produites dans le
cadre du projet SR2I:
Publications durant l'année 2007
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Publications durant l'année 2006
- "A Distributed Method for Dynamic Resolution of BGP Ocsillations". Ehoud, A. König, J-M. Saad, C. IPDPS'06.
- "An Economic and Algorithmic Model for QoS
Interdomain Network". D. Barth, L. Echabbi, C. Hamlaoui, S, Vial.
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Publications durant l'année 2005
- "Internet Topology Generation for Large Scale BGP
Simulation". J-M. Fourneau, H. Yahiaoui. IPS-MoMe 2005.
- "Génération de Topologies
pour la simulation du Routage Inter-domaine". J-M Fourneau, H.
Yahiaoui. AlgoTel 2005.
- "Stabilizing Inter-domain Routing in the Internet".
Chen, A.K. Datta et S. Tixeuil. Journal of High Speed Networks 2005.
"This paper reports the first self-stabilizing Border Gateway Protocol
(BGP). BGP is the standard inter-domain routing protocol in the
Internet. Self-stabilization is a technique to tolerate arbitrary
transient faults. The routing instability in the Internet can occur due
to errors in configuring the routing data structures, the routing
policies, transient physical and data link problems, software bugs, and
memory corruption. This instability can increase the network latency,
slow down the convergence of the routing data structures, and can also
cause the partitioning of networks. Most of the previous studies
concentrated on routing policies to achieve the convergence of BGP
while the oscillations due to transient faults were ignored. The
purpose of self-stabilizing BGP is to solve the routing instability
problem when this instability results from transient failures. The
self-stabilizing BGP presented here provides a way to detect and
automatically recover from this type of faults. Our protocol is
combined with an existing protocol to make it resilient to policy
- "A Self-stabilizing Link Coloring Algorithm Resilient
Byzantine Faults in Arbitrary Networks". T. Masuzawa and S. Tixeuil.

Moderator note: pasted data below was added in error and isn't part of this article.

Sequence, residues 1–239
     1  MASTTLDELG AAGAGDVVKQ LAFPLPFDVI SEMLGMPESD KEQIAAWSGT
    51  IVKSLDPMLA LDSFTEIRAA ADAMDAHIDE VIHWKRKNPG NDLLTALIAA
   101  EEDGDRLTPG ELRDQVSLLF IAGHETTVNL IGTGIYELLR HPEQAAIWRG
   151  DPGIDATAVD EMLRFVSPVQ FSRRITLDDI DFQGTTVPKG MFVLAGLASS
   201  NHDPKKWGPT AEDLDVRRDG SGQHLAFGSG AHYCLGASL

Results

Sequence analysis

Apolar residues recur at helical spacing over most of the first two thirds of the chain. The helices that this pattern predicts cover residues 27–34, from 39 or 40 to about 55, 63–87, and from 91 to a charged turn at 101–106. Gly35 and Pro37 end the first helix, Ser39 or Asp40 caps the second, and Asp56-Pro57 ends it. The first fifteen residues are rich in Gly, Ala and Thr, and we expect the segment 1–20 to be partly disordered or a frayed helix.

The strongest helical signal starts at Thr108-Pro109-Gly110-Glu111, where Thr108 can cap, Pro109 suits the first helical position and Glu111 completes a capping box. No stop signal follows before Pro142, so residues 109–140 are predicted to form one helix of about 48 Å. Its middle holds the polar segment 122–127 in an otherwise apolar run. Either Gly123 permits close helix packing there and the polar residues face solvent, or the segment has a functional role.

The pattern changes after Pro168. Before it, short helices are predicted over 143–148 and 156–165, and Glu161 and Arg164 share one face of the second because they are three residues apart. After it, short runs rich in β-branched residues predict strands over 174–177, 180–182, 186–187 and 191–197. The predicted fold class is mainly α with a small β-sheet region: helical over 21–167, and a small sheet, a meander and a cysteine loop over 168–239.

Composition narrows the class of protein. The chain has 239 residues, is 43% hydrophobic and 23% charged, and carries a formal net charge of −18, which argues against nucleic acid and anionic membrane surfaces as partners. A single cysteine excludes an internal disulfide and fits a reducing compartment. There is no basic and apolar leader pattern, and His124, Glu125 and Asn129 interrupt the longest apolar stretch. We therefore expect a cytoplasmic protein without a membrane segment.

"Self-stabilizing protocols can tolerate any type and any number of
transient faults. However, in general, self-stabilizing protocols
provide no guarantee about their behavior against permanent faults.
This paper proposes a self-stabilizing link-coloring protocol resilient
to (permanent) Byzantine faults in arbitrary networks. The protocol
assumes the central daemon, and uses 2*Delta-1
colors where Delta
maximum degree in the network. This protocol guarantees that any link (u,v) between
nonfaulty processes u
and v is
assigned a color within 2*Delta+2
rounds and its color
remains unchanged thereafter.Our protocol is Byzantine insensitive in
the sense that the subsystem of correct processes remains operating
properly in spite of unbounded Byzantine faults."
- "Self-stabilization with r-operators revisited". S.
B. Ducourthial et S. Tixeuil. Seventh Symposium on Self-stabilizing
"We present a generic distributed algorithm for solving silents tasks
such as shortest path calculus, depth-first-search tree construction,
best reliable transmitters, in directed networks where communication
may be only unidirectional. Our solution is written for the
asynchronous message passing communication model, and tolerates
multiple kinds of failures (transient and intermittent). First, our
algorithm is self-stabilizing, so that it recovers correct behavior
after finite time starting from an arbitrary global state caused by a
transient fault. Second, it tolerates fair message loss, finite message
duplication, and arbitrary message reordering, during both the
stabilizing phase and the stabilized phase. This second property is
most interesting since, in the context of unidirectional networks,
there exists no self-stabilizing reliable data-link protocol. A formal
proof establishes its correctness for the considered problem, and
subsumes previous proofs for solutions in the simpler reliable shared
memory communication model."
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